Voriconazole is potent against wide spectrum of fungi- C.parapsilosis, C.tropicalis, A.fumigatus, A.flavus and fusarium solani,13, 12, 11 it acts by inhibiting synthesis of ergosterol in fungal membrane. It binds to the active site of P450 dependent enzyme lanosterol 14-demethylase(cyp51 or erg11p)and ligates the non-haem iron. This results in depletion of ergosterol and accumulation of lanosterol, affecting the integrity of cell membrane.

Voriconazole is a fluconazole derivative with addition of methyl group to the propyl backbone and a fluropyridine group replace the triazole moiety. Such alternations increases its potency making it ideal for the treatment of mycotic ulcer.

Posaconazole is a recently introduced triazole. It is an improvement over itraconazole and is indicated in invasive fungal infection mostly in onco-hematological patients. It is available as oral solution formulation as 400mg twice a day. Gastrointestinal complaints are the only side effets noted till date.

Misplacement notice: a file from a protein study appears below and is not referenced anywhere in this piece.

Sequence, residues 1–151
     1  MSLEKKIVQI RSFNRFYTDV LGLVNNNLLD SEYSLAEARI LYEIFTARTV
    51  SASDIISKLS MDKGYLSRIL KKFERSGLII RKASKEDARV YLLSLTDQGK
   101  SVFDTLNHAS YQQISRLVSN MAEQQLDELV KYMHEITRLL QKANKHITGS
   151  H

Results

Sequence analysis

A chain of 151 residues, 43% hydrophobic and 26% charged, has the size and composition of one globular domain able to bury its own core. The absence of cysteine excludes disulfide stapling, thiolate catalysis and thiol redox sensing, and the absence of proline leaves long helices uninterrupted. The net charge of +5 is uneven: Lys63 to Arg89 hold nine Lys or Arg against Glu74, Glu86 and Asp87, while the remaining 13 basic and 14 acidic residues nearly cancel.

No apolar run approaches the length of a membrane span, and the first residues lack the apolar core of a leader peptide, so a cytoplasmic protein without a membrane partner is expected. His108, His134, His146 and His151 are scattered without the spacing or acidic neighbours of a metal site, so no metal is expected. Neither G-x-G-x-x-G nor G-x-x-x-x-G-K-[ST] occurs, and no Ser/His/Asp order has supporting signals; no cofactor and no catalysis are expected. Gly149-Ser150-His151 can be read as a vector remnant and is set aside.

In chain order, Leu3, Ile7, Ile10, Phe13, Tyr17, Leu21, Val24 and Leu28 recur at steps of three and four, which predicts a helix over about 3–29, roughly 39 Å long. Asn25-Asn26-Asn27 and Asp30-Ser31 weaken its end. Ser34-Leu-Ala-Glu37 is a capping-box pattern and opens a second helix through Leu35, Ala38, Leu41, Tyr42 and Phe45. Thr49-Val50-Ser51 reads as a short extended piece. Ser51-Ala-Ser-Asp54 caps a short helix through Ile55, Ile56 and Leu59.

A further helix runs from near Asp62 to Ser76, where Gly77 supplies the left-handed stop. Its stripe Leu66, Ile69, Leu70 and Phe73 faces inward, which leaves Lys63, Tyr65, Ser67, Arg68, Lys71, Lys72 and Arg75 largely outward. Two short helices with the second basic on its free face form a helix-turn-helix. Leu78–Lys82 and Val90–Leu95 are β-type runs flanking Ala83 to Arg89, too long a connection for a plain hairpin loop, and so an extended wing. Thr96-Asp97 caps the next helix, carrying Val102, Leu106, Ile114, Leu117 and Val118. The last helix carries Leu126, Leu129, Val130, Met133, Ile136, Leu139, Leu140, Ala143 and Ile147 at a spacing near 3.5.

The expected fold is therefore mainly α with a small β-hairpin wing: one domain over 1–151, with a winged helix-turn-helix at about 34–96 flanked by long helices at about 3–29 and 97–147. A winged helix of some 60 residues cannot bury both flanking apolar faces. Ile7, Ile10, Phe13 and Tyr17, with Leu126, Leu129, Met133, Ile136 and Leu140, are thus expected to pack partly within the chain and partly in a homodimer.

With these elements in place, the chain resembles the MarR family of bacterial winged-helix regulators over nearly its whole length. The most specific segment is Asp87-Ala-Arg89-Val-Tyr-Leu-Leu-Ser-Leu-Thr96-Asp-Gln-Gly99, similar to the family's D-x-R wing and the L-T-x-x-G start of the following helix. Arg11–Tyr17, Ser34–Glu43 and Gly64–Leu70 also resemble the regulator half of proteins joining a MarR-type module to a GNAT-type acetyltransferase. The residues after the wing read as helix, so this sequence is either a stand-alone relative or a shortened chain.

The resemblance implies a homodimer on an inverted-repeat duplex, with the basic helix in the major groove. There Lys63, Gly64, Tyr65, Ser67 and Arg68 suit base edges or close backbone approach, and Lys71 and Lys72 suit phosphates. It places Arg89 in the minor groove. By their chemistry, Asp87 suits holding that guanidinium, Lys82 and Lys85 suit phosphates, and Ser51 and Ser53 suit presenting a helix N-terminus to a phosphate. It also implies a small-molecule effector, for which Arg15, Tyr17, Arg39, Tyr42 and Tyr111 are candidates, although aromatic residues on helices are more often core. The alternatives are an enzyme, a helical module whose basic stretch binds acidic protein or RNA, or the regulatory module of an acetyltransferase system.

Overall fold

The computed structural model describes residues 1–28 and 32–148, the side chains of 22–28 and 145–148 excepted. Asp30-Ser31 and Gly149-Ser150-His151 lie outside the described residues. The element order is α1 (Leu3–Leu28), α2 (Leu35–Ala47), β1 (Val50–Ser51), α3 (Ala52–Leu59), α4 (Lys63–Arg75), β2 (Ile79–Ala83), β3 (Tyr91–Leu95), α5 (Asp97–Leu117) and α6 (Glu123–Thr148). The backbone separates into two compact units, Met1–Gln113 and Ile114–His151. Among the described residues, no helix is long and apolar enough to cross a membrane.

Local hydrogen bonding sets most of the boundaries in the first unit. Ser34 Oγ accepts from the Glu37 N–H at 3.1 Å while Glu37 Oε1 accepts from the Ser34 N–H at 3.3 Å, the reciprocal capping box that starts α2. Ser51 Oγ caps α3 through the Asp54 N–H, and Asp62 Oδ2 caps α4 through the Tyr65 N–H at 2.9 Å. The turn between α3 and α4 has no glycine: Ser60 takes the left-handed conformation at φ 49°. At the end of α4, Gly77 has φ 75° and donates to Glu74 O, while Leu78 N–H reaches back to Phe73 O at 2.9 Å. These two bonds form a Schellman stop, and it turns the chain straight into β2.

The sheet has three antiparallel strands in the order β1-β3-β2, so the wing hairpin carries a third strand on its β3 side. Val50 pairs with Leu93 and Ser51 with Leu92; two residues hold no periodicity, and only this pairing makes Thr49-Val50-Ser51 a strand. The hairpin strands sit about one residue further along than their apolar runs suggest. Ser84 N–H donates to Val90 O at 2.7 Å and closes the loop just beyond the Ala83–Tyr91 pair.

Echinocandins as capsofungin and micafungin are semi-synthetic lipoproteins that inhibit the synthesis of glucan in fungal cell wall through non-competitive inhibition of 1,3-glucan synthase, causing osmotic imbalance and cell lysis. They are fungicidal against yeast and fungistatic against aspergillus. They can be given topical and intra venous as well.

Materials and Methods